Antiphospholipid Syndrome : 30 Years On – Dr. Graham Hughes

Posted on: March 18, 2019
Last Updated: October 18, 2020

Professor Graham Hughes is a Consultant Rheumatologist and the founder and editor of the international journal ‘LUPUS,’ and Head of London Lupus Centre. In 1983 he described the clotting disorder now known as Hughes Syndrome for which he received the World Rheumatology (ILAR) Research Prize in 1993.

Author Quotes 

We became interested in a disease called ‘Jamaican Neuropathy’–an acute transverse myelitis. These women end up in wheelchairs with paraplegia, and they are interesting because they have a false positive VDRL and they are ANA positive.

If you take recurrent pregnancy loss, 12% of all cases. If you take stroke, 14%–if it’s young stokes, 25%.

Moving right forward now to modern treatment, not just warfarin and so on, but possible antibiologics–antibodies to some of the bad guys in this disease… and this is where we are at the moment, to see whether these in fact affect the clotting mechanism in this disease.


Professor Hughes begins his presentation with an overview of his Lupus Centre clinics and takes a look at the past, present, and what the future holds for antiphospholipid syndrome (APS).

He recounts his experiences over the years with patients and how studies of lupoid sclerosis led to setting up assays for antiphospholipid antibodies.

Continuing along the dateline, Prof Hughes describes the criteria thought to be important for the identification of anticardiolipin syndrome which led to the world’s first symposium on antiphospholipid antibodies.


Moving on to the present day, he covers the up-to-date literature statistics for pregnancy loss, stroke, heart attack, and DVT relating to APS. Discussing how the science has moved on, he demonstrates how antibodies are directed against phospholipid-binding proteins.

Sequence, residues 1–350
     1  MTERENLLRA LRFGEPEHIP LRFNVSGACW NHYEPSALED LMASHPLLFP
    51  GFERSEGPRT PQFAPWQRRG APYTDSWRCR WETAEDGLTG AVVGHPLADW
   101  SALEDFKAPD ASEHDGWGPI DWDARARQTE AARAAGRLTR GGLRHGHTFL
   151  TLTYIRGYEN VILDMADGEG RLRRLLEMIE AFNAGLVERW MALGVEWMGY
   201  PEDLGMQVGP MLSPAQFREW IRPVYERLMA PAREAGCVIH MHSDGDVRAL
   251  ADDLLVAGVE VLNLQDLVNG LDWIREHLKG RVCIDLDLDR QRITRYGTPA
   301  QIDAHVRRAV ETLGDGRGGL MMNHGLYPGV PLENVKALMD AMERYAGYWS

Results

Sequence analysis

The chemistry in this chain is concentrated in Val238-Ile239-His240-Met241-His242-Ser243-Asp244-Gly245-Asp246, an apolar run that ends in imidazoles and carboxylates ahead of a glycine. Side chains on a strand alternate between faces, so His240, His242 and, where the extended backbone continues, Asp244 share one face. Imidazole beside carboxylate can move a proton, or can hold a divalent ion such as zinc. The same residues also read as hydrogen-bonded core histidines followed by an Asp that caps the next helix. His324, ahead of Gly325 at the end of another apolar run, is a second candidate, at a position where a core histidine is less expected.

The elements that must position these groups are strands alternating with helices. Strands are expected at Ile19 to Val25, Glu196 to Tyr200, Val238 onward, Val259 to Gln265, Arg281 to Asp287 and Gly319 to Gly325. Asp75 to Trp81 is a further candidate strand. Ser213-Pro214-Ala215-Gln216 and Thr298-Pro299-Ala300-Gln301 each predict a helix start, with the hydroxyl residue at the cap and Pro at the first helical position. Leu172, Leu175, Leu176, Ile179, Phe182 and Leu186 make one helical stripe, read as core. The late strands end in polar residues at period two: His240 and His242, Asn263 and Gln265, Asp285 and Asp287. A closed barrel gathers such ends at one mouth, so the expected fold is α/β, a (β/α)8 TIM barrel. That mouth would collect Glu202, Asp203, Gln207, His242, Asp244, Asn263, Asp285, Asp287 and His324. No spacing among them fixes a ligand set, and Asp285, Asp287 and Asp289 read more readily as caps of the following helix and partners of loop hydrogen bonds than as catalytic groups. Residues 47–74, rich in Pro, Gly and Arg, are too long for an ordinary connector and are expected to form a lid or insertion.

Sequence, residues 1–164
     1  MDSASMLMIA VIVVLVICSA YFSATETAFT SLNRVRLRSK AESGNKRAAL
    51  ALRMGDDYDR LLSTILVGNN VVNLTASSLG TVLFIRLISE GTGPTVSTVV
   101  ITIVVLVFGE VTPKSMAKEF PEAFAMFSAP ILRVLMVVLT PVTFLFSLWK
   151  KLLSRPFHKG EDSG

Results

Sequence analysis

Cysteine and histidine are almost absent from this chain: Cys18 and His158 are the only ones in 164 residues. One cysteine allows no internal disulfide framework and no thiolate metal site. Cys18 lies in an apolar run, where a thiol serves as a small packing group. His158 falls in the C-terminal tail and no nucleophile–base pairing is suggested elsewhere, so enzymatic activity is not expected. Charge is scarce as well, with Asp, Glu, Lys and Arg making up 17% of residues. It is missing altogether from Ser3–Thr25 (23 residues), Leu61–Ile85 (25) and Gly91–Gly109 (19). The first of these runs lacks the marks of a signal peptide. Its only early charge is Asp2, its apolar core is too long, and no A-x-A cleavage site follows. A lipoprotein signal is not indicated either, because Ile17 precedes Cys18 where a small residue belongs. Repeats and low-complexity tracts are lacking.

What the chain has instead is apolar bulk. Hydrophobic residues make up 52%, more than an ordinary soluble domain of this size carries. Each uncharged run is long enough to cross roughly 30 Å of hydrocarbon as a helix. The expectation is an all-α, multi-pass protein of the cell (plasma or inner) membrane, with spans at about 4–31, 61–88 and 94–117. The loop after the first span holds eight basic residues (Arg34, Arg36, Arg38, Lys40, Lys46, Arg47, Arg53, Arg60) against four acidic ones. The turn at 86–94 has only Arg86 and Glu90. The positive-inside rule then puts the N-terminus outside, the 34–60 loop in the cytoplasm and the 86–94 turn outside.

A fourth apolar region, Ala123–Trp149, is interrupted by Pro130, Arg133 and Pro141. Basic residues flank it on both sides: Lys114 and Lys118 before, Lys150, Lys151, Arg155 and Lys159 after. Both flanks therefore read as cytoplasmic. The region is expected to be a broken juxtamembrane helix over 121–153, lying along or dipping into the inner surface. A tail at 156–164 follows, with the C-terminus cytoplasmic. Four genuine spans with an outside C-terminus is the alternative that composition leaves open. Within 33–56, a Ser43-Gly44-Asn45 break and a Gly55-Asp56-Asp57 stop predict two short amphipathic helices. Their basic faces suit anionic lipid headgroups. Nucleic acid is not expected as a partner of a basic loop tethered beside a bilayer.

Concluding this video excerpt from his presentation, Prof Hughes discusses possible therapeutic targets for the future.

Take-home Messages

  1. Many case reports describe lupus with various clotting problems.
  2. Attendance numbers at the most recent international congress on antiphospholipid antibodies show increasing recognition and awareness among doctors.
  3. Beta-2 glycoprotein 1 removes cellular debris and is a very important molecule in the body.


Learn more

  1. Antiphospholipid Syndrome (APS) Case Files (Stroke and Thrombosis) By Prof Graham Hughes
  2. Antiphospholipid Syndrome (APS) Case Files (Gut, Tinnitus, and Migraine) – Prof Graham Hughes
  3. Antiphospholipid Syndrome (APS): The Clinical Experience – Dr. Graham Hughes
  4. Antiphospholipid Syndrome (APS) Case Files (Stillbirths and Epilepsy) By Prof Graham Hughes
  5. Central Nervous System (CNS) Involvement in Antiphospholipid (Hughes) Syndrome – Prof Graham Hughes
  6. Clues to the Diagnosis of Antiphospholipid Syndrome – Prof Graham Hughes
  7. Neuropsychiatric Lupus and The Curious Case of Molly – What Does This Case Teach Us? – Prof Hughes
  8. Pathogenesis of Neuropsychiatric Systemic Lupus Erythematosus – Prof Graham Hughes
  9. What is Lupus? – Prof Graham Hughes
  10. Prof Graham Hughes Introduces You To The World of Lupus and Antiphospholipid Syndrome – Prof Graham Hughes
  11. APS and CNS Lupus: Anticoagulation Treatment By Prof Graham Hughes
  12. Neuropsychiatric Manifestations in APS By Prof Graham Hughes
  13. Q & A session on Lupus, Hughes Syndrome and the Brain – Prof Hughes